According to testimony at a Senate committee hearing on August 5, the federal government should have the authority to simulate cyberattacks on the electric grid to lessen the nation’s vulnerability. Lisa Murkowski (R-Alaska), chair of the Senate Energy and Natural Resources Committee, said, “The threat of cyberattacks by foreign adversaries and other sophisticated entities is real, and it’s growing.”
Citing 2019’s Worldwide Threat Assessment from the Office of the Director of National Intelligence, Murkowski explained those findings stating that China, Russia, and other foreign adversaries are stepping up cyber operations to target the United States’ military and critical infrastructure, including the nation’s electric grid. The Energy Department claimed that a Russian government-backed hacking group infiltrated a U.S. energy entity’s network in January 2020.
The energy sector’s vulnerabilities are of particular concern to national security since electricity and fuels are used to power transportation, water facilities, hospitals, communications, and more. The gap between physical, operational technology, and information technology systems is narrowing, creating even more concern. Grid operators incorporate new management systems, utility companies install millions of “smart meters” and other internet-enabled devices on the grid. Advancements in technology lead to improved operations and real-time feedback, however, malicious hackers can target these systems to gain access and compromise larger systems.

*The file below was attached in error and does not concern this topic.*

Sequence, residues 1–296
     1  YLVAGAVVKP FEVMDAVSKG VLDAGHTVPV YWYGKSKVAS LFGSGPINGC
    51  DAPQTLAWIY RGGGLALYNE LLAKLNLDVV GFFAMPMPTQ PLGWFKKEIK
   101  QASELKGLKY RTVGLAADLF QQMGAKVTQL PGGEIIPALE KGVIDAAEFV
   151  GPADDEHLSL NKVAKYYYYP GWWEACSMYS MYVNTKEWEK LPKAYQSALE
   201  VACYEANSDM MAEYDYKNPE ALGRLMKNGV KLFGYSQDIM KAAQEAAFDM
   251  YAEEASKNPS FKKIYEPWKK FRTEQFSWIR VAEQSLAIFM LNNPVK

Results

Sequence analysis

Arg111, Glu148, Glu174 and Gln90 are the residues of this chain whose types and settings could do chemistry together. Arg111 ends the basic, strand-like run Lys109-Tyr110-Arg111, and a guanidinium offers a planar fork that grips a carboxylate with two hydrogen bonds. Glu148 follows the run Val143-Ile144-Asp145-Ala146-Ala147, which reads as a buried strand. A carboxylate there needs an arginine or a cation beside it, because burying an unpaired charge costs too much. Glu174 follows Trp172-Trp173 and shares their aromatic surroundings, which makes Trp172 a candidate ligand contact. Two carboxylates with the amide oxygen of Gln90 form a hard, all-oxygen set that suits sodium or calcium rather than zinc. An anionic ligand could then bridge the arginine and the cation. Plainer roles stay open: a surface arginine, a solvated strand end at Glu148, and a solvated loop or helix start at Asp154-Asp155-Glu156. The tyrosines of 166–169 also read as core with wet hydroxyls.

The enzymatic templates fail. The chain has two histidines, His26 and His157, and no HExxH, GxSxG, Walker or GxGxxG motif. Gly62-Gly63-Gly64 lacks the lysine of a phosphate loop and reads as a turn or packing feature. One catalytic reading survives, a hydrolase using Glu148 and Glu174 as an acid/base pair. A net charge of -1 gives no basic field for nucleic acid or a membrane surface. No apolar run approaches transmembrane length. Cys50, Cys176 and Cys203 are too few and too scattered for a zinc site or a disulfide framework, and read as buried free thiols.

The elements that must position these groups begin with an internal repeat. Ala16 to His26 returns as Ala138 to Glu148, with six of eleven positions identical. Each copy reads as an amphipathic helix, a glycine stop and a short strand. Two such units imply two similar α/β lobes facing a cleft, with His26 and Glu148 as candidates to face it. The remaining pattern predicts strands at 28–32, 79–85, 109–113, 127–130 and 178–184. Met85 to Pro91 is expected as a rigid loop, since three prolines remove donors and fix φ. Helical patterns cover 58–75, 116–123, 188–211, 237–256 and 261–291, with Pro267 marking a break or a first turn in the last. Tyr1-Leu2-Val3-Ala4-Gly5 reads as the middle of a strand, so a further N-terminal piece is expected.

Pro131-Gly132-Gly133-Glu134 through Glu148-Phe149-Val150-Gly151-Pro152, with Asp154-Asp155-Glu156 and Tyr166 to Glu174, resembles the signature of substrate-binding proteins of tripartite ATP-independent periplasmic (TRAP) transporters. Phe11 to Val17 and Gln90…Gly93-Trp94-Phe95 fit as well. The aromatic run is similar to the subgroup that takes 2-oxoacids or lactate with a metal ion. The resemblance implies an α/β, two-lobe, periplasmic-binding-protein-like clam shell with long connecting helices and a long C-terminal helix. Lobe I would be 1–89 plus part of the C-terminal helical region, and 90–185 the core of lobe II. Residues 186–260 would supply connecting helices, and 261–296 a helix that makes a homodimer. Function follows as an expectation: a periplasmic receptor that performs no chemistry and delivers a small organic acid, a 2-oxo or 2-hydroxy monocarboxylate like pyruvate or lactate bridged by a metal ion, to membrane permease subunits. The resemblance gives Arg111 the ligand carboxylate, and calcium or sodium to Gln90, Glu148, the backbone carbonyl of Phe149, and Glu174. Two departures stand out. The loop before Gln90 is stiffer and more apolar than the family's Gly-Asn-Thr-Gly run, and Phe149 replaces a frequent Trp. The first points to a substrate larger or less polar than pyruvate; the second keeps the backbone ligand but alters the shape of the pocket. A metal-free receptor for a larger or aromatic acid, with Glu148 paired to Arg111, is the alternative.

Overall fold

Murkowski said, “The COVID-19 pandemic has created a unique opportunity for cybercriminals to attack our networks, including critical energy infrastructure. We all know the stakes here. A successful hack could shut down power, impacting hospitals, banks, gas pumps, military installations, and cell phone service. The consequences would be widespread and devastating, and only more so if we are in the midst of a global pandemic.”
Red-teaming is a simulation using hackers to test various organizations’ cybersecurity and threat response. The result provides an outside perspective and has been performed in the past. In July, the Office of Energy Infrastructure Security (OEIS) joined with the National Guard and conducted Cyber Yankee, a red-team-simulated cyber-attack on a utility system throughout the New England states. This exercise was beneficial for professionals to thwart potential incoming threats by creating defensive and recovery plans.
Check out this article by the National Conference of State Legislatures for more information about the nation’s energy infrastructure and the growing cyberthreat.
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